On June 25 2009, the greatest performer and icon of all time died with an addiction.  The king of pop Michael Jackson was suffering in silence like millions of people across the U.S addicted to prescription drugs.  Perceived as a safe drug by many because prescription drugs are legal , prescription drug abuse can become unnoticed.  Michael Jackson had fortune and fame , but his addiction to painkillers and  diprivan which is a hypnotic agent that induces sleep is what allegedly took his life.  An estimated 7 million Americans are abusing prescription drugs which is more than the number who are abusing cocaine,heroin and other illicit drugs combined.  Prescription drug abuse is the most prevalent drug problem in the United States second to marijuana.  http://www.justice.gov/dea/concern/prescription_drug_fact_sheet.html.  Opiate drugs such as oxycodone and hydrocodone which are also ingredients in tablets compounded with acetaminophen ( Vicodin and Percocet) are causing more overdose deaths than cocaine and heroin combined.   Prescription pain relievers are preferred over cocaine and marijuana and teens abusing prescription drugs is a becoming a serious problem at an earlier age. Oxycodone an opiate which is the active ingredient in the controlled release pain-killer oxycontin used for severe pain is more potent than morphine and is usually  crushed, snorted and chewed by illicit users to eliminate the time release creating an intense rush to the brain.  On the street, an oxycontin tablet can sale for a dollar per milligram for a 10,20,40 and 80 milligram tablet .  If used improperly, a prescription drug can lead to accidental overdose or death.  Well you may ask ” How are these legal prescription drugs getting on the streets?” It’s referred to as Diversion .  Diversion of prescription drugs is when licit drugs are used for illicit purposes and this can occur in many ways such as “doctor shopping”, theft from a pharmacy or home, drug dealing, obtaining it from the internet illicitly and taking prescription pills from a friend or relative. Nowadays, drug dealing prescription drugs is a lucrative operation because it is profitable and accessible.  Unfortunately a medicine cabinet which may be safe to store prescribed drugs in your bathroom could be a door of opportunity to anyone including your teenager who is addicted to pain-killers, cough syrup or other drugs.  Anything from Cough Syrup aka sizzurp,  Benzodiazepines (Xanax) aka xaneys or tombstones identified by the triple score, Oxycontin , Percocets, Vicodins and other common painkillers are all prescription controlled drugs , but are diverted and sold illegally.  All of the above mentioned prescription drugs require a prescription to obtain it from the pharmacy.  A lot of teens are abusing prescription drugs and some are even hosting “pill parties” which is a collection of all the prescription drugs they can get their hands on and prepared like a trail mix and placed inside a bowl.   This is a dangerous engagement for the person who places their hand in the glass bowl with no knowledge of what they are putting in their mouth. http://www.usatoday.com/news/health/2006-06-12-teens-pharm-drugs_x.htm.  These pills would’ve came from your friendly medicine cabinet , friends , relatives or a drug dealer making a profit from diversion.  Because of this shift to abuse of prescription drugs, parents must make sure that they educate their teens about drug abuse and the effect it has on the brain through discussions and literature.  Storing prescription bottles in a location that is not easily accessible to children or adults would also minimize the diversion of prescription drugs.  Knowing the signs of prescription drug abuse could also help save a life.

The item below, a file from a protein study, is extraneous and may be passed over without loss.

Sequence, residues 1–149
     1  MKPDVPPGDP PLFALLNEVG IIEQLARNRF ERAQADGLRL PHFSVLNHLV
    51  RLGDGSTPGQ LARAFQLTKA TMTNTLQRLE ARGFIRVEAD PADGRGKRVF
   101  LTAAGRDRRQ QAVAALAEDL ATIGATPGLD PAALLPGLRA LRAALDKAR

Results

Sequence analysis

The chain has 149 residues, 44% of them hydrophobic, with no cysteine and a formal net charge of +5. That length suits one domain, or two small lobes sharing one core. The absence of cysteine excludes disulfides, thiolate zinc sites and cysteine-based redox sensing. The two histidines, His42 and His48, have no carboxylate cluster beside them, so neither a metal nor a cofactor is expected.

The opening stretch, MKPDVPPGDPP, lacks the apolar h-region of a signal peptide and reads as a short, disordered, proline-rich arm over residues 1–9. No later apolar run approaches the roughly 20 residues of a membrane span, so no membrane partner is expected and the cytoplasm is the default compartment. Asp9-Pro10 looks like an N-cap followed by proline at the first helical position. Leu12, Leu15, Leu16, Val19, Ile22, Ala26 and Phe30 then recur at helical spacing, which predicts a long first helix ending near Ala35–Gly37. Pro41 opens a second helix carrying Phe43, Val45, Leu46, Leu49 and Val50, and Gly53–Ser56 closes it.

Recognize these faces?  They all lost their lives to prescription drugs.  Read about their cause of death at http://www.pharmacytechs.net/blog/18-celebrities-who-died-from-prescription-drugs

Eminem admitted to his abuse of prescription drugs and loved it so much that he tattooed a Vicodin ( Hydrocodone and Acetaminophen) tablet on his arm.

For more information about drug abuse and addiction visit http://www.nida.nih.gov/

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